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Tappan Zee Bridge Greenway: Dead Before Arrival

Columbia Universityby Dave Zornow

The Tappan Zee Bridge Greenway, an ambitious initiative by Greenburgh Town Supervisior Paul Feiner and White Plains Councilwoman Milagros Lecuona to turn the existing TZB into a path for pedestrians and bikers, died a quiet death last week when the NYS Department of Transportation released its instructions to the four firms who will submit proposals to build a new Hudson River crossing. Despite Governor Cuomo’s nuanced endorsement on Feb 27 calling the initiative “an exciting option,” the word “demolition” appears 20 times in the RFP with no text devoted to any plans to salvage the 56 year old decaying bridge.

Page 6 includes a sentence which is tantamount to a death sentence for the Tappan Zee Park concept. “The project includes the design and construction of a replacement bridge crossing of the Hudson River adjacent to the existing Governor Malcolm Wilson Tappan Zee Bridge, associated approaches, a shared-use path, and demolition of the existing bridge.”

The governor’s comments, made at an open-to-the-media cabinet meeting last month, spawned at least 150 news stories about the greenway concept just days before public hearings in Rockland and Westchester about the Draft Enviornmental Statement for the Tappan Zee Hudson River Crossing Project.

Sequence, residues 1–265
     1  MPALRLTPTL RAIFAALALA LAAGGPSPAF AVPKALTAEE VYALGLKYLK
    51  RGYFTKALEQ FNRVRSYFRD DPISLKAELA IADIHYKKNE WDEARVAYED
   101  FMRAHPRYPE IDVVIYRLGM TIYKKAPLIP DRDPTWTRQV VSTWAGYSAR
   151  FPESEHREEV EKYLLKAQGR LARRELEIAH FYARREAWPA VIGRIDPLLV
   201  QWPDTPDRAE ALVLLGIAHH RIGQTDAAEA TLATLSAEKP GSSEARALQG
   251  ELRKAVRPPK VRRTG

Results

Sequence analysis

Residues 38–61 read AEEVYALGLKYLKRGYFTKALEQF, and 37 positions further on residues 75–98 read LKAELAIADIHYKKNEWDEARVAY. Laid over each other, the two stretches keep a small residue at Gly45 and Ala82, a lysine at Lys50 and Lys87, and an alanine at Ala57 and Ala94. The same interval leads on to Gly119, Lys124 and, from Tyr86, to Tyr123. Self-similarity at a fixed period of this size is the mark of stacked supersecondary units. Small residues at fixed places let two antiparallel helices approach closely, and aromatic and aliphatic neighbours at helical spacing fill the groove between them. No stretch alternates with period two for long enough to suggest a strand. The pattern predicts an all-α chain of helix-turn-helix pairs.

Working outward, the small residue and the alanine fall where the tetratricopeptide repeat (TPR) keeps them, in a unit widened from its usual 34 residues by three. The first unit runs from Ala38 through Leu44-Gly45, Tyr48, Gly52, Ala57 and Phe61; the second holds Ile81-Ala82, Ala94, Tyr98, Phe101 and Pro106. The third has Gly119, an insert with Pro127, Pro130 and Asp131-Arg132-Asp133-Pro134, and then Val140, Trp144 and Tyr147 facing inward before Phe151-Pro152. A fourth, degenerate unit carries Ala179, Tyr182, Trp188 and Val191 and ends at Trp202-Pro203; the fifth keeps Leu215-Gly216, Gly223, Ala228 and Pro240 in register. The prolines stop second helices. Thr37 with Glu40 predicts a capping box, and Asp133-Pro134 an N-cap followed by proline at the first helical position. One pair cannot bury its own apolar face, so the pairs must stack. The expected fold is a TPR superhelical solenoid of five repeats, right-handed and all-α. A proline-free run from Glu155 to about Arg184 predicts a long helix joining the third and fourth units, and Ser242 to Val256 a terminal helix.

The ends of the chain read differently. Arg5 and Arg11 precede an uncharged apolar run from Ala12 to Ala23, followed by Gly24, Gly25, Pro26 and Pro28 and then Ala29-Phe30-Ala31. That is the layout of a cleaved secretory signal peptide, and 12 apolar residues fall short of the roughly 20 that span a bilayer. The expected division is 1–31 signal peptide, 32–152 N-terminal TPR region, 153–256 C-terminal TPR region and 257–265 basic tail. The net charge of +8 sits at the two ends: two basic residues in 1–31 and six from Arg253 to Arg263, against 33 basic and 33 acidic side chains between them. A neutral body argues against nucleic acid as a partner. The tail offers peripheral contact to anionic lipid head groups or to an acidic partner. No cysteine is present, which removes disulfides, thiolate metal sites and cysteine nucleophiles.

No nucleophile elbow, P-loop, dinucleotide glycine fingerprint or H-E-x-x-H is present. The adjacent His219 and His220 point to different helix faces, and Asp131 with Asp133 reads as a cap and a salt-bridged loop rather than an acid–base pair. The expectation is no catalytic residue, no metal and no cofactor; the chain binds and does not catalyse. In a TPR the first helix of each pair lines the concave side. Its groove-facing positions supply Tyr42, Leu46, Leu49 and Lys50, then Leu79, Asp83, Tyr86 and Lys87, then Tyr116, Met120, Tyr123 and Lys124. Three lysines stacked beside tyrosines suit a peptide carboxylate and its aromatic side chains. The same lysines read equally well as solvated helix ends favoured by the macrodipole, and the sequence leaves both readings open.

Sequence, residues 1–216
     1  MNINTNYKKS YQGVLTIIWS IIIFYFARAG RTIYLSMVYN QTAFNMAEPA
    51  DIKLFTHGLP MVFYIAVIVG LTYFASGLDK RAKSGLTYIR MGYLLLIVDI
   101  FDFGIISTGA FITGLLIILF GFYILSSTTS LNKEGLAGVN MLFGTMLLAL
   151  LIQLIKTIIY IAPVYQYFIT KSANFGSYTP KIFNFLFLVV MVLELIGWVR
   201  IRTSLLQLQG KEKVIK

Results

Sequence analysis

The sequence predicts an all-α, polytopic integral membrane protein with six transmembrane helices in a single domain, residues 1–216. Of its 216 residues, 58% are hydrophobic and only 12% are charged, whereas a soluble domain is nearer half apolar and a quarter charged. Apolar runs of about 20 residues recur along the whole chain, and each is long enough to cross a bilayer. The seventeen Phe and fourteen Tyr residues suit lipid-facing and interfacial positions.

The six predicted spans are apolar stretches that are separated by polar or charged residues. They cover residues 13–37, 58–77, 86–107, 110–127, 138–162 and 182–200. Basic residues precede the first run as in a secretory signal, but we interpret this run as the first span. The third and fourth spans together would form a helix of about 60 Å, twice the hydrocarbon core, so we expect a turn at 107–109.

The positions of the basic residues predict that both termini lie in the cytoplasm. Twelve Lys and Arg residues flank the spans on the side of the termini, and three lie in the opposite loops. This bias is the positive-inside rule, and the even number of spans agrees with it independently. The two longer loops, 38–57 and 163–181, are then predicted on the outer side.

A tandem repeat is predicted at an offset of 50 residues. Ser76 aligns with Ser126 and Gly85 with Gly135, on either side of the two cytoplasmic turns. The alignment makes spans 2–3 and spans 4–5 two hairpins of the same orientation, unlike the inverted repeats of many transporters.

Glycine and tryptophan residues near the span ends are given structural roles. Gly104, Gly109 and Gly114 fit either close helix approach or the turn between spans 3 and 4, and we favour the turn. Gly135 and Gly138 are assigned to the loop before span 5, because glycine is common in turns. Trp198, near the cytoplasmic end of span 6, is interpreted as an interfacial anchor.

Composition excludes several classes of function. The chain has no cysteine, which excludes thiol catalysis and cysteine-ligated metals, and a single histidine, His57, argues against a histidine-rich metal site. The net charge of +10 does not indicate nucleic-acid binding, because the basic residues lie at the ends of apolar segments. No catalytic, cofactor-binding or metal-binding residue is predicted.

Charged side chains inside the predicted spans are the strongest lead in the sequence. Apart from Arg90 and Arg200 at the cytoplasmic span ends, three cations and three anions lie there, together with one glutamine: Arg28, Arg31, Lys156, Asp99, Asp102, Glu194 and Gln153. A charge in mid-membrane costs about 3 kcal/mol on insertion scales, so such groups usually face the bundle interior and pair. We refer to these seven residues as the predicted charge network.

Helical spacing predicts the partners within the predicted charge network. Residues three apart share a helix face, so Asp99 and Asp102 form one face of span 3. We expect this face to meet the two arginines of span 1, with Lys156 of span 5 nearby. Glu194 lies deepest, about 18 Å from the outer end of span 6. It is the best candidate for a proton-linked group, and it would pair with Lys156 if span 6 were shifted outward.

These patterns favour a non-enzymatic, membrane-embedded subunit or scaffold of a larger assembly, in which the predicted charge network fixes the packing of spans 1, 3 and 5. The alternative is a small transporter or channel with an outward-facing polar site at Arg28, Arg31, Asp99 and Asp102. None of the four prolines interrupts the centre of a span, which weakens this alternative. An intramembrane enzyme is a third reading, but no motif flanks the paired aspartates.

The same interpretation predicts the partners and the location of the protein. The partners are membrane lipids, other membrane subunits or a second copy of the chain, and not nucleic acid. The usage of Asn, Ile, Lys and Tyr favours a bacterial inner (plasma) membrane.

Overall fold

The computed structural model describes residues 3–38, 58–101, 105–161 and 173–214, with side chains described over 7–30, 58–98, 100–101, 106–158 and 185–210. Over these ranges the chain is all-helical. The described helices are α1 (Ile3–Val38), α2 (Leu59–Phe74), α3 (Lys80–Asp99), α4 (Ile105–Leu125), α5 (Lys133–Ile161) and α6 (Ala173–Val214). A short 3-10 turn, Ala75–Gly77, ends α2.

Although bike advocates and Greenway fans liked to compare the Tappan Zee Park plan to the Walkway Over The Hudson and the Hi-Line in Manhattan, they failed to make an economic case as to how the current bridge could be preserved and maintained. Although mass transit and road improvements have been jettisoned from the original TZB project design, tearing down the current bridge to replace it with a second span was always in the plan. Estimates for the annual maintenance cost of the current bridge run from $50 million to $100 million — and it’s hard to see how that number would be substantially reduced if the bridge were to become a park. It’s also doubtful that a new bridge could support current capacity without a second span.

Cyclists and pedestrians will still be able to cross the new bridge on foot or by bike as the RFP calls for the construction of a 12 foot bike path on the North side of the new North span.

The press release for the RFP process highlights the following sections:

  • Transit: “The contract will require that the new bridge be fully able to support transit, including allowing for Bus Rapid Transit and Commuter Rail if full systems are constructed on either side of the bridge in the future and provide immediate express bus service.”
  • Bikeway & Pedestrian Walkway: Construction of a 12 foot shared use path for bikers, walker and “public artwork.”
  • Disadvantaged Business Enterprises: About $400 million of the contract, worth an estimated 4,000 jobs, should go to for-profit small business concerns “who are socially and economically disadvantaged.”
  • Bridge Aesthetics: collaborate with community stakeholders to ensure “visual quality and aesthetics.”
  • Intelligent Transportation Systems: Build systems to monitor traffic patterns and enable real-time measurement of travel times to improve operations and safety by enabling a smoother flow of traffic.
  • Project Video Documentation: Each submission should include up-to-date graphics, live video and simulations that chronicle the entire process.
  • Highway Speed E-ZPass: Include three high speed E-Z Pass lanes to enhance traffic flow and reduce greenhouse gas emissions from wait time at conventional toll booths.

Proposals are due by July 27 with groundbreaking predicted to begin sometime in the Fall.

See also:

Illustration: Tappan Zee Bridge Park  by Greg Mizra-Avakyan, Columbia University Graduate School of Architecture, Planning, and Preservation.

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